Now, Personal Application

So, if you borrow today, will this be the rate you are stuck with fo-evah? No, you will typically have the flexibility to refinance debt as interest rates fall.  If you lend money (e.g. buying a government treasury), will your interest rate be guaranteed fo-evah? No, just simply for the term of your treasury, whether that is 3 months to 30 years.  

Am I crazy for sometimes still advising a client to take on debt in this environment, as rates are higher than they’ve been for the last five years? No.  Obviously, it depends on the situation, but my focus is less on the current rate and more on what’s a reasonable assumption for the effective rate over the life of the loan.  Using your financial plan and some simple/reasonable assumptions about rates, I may be recommending financing.  Don’t be surprised.

Am I crazy for rejecting the idea that you should move all of your investments to a two-year treasury? No, I am not.  Although you might like the peace of having a defined return over the next two years, this doesn’t provide a sufficient solution for your long-term financial plan.  This is you speculating that 4% (the approximate yield on a 2-year treasury) would be better than any other investment option (stocks, real estate, high-yielding debt, etc.) over the next two years.  I believe strongly there is a place for treasuries in many client portfolios – one puzzle piece of a large diversified portfolio – but remember, if your financial plan calls for a 6%-7% average return and you are locking in returns at a fixed 4% that’s not going to satiate your plan.  

Never Fo-Evah!

Interest rates will not go up fo-evah! 

Inflation will not go up fo-evah! 

You, as an investor, MUST anchor the design of your portfolio to the objectives and targets of your financial plan.  You must resist the temptation to believe that the trends of the day are going to continue in perpetuity.  You must reject my preschooler’s paradigm. 

The Bahnsen Group is registered with Hightower Advisors, LLC, an SEC registered investment adviser. Registration as an investment adviser does not imply a certain level of skill or training. Securities are offered through Hightower Securities, LLC, member FINRA and SIPC. Advisory services are offered through Hightower Advisors, LLC.

This is not an offer to buy or sell securities. No investment process is free of risk, and there is no guarantee that the investment process or the investment opportunities referenced herein will be profitable. Past performance is not indicative of current or future performance and is not a guarantee. The investment opportunities referenced herein may not be suitable for all investors.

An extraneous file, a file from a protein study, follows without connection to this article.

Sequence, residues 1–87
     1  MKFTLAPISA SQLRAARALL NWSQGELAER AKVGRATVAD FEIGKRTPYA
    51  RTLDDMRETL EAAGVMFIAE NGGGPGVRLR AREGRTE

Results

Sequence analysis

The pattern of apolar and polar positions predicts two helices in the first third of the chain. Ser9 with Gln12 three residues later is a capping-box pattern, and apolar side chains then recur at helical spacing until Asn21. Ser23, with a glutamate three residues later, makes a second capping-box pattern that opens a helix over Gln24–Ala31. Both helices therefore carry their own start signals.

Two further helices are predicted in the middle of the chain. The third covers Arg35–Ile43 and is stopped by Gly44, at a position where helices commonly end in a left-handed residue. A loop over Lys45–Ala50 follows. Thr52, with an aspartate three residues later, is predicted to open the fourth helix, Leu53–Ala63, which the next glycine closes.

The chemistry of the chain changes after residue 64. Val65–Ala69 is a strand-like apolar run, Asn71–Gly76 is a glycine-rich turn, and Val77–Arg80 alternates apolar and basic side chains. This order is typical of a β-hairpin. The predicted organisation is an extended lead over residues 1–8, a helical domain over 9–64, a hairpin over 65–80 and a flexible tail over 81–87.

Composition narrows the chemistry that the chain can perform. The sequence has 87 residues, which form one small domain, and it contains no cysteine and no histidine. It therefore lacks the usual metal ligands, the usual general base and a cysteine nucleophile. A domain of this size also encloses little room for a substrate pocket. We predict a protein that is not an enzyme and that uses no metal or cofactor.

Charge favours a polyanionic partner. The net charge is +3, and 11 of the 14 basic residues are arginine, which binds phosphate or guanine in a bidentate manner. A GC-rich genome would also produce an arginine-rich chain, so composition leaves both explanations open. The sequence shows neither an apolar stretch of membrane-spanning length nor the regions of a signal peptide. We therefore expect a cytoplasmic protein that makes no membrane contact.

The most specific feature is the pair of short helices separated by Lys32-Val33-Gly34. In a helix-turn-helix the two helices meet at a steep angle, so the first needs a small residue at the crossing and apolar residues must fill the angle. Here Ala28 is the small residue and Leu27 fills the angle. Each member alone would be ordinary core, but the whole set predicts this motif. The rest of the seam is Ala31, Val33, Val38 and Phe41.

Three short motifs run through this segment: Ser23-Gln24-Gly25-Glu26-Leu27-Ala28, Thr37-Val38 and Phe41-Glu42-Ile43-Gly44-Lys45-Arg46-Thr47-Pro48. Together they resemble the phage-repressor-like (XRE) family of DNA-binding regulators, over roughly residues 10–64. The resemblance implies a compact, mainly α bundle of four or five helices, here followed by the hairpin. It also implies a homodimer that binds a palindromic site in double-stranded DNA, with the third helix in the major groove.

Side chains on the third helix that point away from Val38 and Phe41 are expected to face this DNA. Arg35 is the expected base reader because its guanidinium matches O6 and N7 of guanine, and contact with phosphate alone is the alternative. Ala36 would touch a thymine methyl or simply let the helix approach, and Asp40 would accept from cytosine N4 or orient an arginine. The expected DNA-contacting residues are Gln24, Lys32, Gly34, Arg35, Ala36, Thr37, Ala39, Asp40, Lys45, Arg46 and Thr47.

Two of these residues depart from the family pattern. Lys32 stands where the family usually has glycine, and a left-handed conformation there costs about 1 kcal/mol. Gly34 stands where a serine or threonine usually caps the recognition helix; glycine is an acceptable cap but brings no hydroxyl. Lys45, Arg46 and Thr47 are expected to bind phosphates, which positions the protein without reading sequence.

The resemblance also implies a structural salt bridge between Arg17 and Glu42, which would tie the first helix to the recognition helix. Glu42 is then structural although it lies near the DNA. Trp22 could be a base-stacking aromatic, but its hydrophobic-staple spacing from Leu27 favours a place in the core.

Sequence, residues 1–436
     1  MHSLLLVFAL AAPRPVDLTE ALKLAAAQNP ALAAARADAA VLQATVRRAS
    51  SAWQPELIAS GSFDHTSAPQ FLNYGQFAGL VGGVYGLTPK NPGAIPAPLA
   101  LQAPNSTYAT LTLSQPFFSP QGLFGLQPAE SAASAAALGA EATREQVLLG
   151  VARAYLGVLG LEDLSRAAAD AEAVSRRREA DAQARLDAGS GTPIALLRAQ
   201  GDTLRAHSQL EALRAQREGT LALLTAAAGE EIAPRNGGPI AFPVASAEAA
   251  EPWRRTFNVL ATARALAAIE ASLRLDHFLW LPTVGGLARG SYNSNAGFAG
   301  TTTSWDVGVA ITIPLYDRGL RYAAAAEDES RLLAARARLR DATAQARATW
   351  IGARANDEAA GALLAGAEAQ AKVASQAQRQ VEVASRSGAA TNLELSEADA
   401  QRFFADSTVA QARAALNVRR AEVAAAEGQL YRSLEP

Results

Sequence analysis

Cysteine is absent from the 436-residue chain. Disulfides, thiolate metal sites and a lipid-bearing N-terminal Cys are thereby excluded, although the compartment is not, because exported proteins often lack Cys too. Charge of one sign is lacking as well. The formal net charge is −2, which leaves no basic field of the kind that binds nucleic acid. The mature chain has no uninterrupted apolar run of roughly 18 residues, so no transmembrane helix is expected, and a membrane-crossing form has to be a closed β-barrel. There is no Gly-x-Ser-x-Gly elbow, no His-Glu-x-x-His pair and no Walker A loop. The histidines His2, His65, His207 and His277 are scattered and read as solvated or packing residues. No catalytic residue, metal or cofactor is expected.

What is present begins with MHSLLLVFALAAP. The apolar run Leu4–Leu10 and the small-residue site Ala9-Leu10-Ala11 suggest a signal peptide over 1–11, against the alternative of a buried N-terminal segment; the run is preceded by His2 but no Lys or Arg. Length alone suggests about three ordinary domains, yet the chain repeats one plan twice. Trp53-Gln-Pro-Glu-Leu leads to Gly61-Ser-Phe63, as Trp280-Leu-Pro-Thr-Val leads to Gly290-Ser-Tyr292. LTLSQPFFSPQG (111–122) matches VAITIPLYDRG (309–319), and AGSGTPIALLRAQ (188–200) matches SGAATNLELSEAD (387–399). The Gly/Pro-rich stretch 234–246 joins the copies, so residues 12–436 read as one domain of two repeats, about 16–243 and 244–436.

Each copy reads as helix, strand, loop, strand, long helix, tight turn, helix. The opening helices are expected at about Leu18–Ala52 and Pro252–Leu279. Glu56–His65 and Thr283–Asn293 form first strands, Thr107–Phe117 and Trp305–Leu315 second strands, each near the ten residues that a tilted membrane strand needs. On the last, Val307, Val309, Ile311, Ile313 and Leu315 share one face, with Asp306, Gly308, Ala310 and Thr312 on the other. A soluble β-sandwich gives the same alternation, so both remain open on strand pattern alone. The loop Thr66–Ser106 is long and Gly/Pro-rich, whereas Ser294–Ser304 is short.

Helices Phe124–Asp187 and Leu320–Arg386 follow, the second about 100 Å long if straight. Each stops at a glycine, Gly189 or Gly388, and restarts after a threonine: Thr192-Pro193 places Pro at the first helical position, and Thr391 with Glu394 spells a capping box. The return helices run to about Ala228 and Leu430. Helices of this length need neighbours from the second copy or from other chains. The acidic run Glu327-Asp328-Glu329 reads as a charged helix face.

All data and information reference herein are from sources believed to be reliable. Any opinions, news, research, analyses, prices, or other information contained in this research is provided as general market commentary, it does not constitute investment advice. The team and HighTower shall not in any way be liable for claims, and make no expressed or implied representations or warranties as to the accuracy or completeness of the data and other information, or for statements or errors contained in or omissions from the obtained data and information referenced herein. The data and information are provided as of the date referenced. Such data and information are subject to change without notice.

Third-party links and references are provided solely to share social, cultural and educational information. Any reference in this post to any person, or organization, or activities, products, or services related to such person or organization, or any linkages from this post to the web site of another party, do not constitute or imply the endorsement, recommendation, or favoring of The Bahnsen Group or Hightower Advisors, LLC, or any of its affiliates, employees or contractors acting on their behalf. Hightower Advisors, LLC, do not guarantee the accuracy or safety of any linked site.

Hightower Advisors do not provide tax or legal advice. This material was not intended or written to be used or presented to any entity as tax advice or tax information. Tax laws vary based on the client’s individual circumstances and can change at any time without notice. Clients are urged to consult their tax or legal advisor for related questions.

This document was created for informational purposes only; the opinions expressed are solely those of the team and do not represent those of HighTower Advisors, LLC, or any of its affiliates.

About the Author

Trevor Cummings

Private Wealth Advisor, Partner

Trevor is a Partner and Director of our Private Wealth Advisor Group.

As the author of TOM [Thoughts On Money], Trevor endeavors to write and speak about financial concepts and principles in a kind of “straight” talk demeanor and posture.

He received his Bachelor’s degree in Organizational Leadership from Biola University and his MBA from California State University, Fullerton.